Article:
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A Canadian passport and a mélange of French phrases saved one traveller from missing his plane.Carl Durocher

Dispatch is a series of first-person stories from the road. Readers can share their experiences, from the sublime to the strange.

It is my last day in California, and I am sitting on a regional train southbound for San Jose from San Francisco. Chugging through the beating heart of Silicon Valley, I am whizzing by torrents of Internet company headquarters and endless suburbs divided by busy palm-tree-flanked intersections.

It is before noon and my flight home to Edmonton leaves at two. I glance at my watch, and then outward at California's congested Highway 101. The brakes hiss, and the murmuring of impatient commuters interrupts the rhythmic rumbling of the train. A deep voice over the intercom unapologetically announces our delay.

I fish around my wallet and retrieve my ticket. If this delay doesn't continue, I should make San Jose station with enough time to catch my flight. As I look for an estimated time of arrival, I realize I made a mistake. CalTrain bases their fees on zones, six of which separate San Francisco and San Jose. In a hurry to board, I had only paid for four.

The train is moving again and a tall, dark-haired girl with a tattered backpack sits across from me.

"Are you from Canada?" she asks in a familiar accent.

Surprised, I take out my headphones. "Yeah." I pause. "How did you know?"

"The navy blue of your passport. It's sticking out of your bag."

Her name is Danielle, and she's from Montreal.

We talk for a good 30 minutes and come to the topic of French-immersion schooling in Alberta. Perhaps not surprisingly, Danielle wants to hear the fruits of nine years of French education.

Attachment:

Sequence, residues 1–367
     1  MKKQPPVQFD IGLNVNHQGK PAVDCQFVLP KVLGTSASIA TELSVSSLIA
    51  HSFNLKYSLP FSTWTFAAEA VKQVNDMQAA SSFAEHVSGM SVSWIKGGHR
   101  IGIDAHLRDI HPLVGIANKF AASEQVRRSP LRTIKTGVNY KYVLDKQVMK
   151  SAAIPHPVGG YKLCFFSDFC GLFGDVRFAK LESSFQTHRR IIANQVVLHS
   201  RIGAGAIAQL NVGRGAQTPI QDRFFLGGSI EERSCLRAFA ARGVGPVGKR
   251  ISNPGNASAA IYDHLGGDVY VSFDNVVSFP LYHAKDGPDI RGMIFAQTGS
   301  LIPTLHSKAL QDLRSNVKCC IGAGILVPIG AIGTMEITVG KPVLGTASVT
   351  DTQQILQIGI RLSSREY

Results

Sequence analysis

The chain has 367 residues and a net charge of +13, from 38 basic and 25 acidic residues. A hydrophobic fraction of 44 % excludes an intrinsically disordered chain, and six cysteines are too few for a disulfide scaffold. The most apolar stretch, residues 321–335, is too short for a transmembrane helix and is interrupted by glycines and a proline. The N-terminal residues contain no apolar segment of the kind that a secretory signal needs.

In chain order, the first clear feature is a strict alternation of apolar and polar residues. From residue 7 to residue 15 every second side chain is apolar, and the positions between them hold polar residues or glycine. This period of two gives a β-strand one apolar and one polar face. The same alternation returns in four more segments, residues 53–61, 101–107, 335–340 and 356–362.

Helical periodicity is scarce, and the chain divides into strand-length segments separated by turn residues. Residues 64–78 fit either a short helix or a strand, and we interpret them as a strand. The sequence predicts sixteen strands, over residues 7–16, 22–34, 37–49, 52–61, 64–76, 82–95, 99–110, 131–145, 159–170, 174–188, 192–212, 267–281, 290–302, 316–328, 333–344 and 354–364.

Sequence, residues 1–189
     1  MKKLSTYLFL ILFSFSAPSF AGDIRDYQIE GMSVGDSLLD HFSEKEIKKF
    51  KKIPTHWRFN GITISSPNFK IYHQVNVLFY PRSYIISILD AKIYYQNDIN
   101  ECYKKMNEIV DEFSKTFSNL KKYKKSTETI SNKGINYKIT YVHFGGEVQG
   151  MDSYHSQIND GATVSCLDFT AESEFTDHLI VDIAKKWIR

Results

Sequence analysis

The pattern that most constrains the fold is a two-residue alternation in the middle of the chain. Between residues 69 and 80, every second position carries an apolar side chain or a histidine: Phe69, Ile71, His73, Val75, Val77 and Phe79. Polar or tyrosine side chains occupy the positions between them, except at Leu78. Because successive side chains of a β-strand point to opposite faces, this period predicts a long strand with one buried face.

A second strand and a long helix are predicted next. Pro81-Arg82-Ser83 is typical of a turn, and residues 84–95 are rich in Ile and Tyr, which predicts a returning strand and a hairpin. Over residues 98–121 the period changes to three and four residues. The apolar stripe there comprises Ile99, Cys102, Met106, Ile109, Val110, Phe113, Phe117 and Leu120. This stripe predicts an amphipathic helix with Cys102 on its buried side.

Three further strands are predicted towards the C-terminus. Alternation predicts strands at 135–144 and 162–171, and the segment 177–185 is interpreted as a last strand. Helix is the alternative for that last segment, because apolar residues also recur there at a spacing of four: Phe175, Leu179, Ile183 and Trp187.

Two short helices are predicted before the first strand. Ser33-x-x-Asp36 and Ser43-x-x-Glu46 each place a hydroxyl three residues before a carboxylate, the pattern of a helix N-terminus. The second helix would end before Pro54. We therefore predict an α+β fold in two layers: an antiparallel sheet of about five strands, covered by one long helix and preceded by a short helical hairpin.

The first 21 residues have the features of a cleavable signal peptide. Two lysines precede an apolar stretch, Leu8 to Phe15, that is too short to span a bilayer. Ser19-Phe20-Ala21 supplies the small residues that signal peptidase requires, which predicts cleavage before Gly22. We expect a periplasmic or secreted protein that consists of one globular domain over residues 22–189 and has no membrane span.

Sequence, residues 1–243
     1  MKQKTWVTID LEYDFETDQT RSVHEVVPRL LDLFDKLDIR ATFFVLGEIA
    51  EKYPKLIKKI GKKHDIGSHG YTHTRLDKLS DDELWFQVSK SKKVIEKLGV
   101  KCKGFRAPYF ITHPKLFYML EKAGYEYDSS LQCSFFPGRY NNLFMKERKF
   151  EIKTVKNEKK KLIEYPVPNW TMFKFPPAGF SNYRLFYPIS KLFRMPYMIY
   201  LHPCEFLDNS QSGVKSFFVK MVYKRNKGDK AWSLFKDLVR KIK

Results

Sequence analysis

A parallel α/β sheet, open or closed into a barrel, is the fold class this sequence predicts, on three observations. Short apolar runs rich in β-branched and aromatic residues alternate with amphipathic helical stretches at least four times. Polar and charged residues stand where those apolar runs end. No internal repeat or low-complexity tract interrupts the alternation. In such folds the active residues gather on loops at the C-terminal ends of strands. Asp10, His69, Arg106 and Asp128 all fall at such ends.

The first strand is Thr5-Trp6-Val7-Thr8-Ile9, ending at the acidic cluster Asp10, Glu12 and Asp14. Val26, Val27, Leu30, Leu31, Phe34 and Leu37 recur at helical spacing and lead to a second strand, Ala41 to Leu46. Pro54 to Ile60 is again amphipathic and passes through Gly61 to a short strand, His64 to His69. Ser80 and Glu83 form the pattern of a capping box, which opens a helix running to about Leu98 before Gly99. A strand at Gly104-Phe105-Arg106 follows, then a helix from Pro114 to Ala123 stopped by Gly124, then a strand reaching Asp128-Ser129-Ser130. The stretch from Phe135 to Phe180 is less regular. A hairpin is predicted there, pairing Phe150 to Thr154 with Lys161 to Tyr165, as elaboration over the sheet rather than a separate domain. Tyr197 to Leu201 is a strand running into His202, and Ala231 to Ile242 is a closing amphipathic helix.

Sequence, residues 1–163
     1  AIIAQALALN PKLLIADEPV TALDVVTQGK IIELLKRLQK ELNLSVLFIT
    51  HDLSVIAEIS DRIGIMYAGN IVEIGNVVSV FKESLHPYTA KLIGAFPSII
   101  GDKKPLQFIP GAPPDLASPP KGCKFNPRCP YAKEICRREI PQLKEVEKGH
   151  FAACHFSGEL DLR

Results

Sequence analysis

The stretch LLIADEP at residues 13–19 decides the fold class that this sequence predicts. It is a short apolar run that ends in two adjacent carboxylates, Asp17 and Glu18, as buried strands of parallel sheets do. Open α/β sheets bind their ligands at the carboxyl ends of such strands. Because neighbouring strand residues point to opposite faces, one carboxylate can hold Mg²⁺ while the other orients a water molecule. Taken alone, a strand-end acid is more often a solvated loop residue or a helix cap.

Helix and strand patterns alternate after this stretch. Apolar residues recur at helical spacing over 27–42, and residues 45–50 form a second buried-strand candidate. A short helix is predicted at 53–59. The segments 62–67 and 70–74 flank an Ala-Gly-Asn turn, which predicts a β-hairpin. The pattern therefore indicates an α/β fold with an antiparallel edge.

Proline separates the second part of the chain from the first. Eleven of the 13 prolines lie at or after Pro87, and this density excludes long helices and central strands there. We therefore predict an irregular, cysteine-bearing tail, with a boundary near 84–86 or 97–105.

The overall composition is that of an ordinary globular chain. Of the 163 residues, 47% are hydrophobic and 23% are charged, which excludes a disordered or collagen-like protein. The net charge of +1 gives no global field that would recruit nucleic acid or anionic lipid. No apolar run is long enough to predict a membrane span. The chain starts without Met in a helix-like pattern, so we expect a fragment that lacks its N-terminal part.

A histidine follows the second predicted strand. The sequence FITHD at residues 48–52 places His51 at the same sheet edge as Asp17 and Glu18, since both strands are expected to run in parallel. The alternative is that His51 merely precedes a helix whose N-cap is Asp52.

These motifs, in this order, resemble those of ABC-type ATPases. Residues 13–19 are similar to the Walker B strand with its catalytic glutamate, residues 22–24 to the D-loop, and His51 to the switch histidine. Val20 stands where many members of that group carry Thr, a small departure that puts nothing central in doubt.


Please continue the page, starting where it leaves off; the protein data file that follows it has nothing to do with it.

"Come on, Alberta. Let's hear what you got!"

"Bonjour, mon nom est Keaton… Salle de bains."

I know that I'm horrible, but decide to keep going.

"Menage et trois, je suis fromage poisson."

Danielle bellows with laughter. "Oh. Your name is cheese fish, is it?"

We laugh at my expense for 20 minutes before Danielle attempts to correct my pronunciation. She says I might pass if I speak fast enough.

The deep voice returns over the intercom, and the train whistles to a halt.

I check my watch, and begin to get worried again. I look away from Danielle and spot a transit officer removing a group of teenagers from the train. My stomach shoots into my chest. "Danielle, my ticket is wrong."

Her eyes widen. "They are very strict here; you're going to get in trouble! Pretend to be asleep!"

Seeing no other option, I put in my headphones and rest my head against the window. Heavy footsteps head toward us while I play dead like a cornered animal. My mind is racing with potential scenarios, and few are pleasant.

I feel a firm touch on my shoulder. It scares the you-know-what out of me, and I yelp and jolt up in my chair.

"Sir, ticket."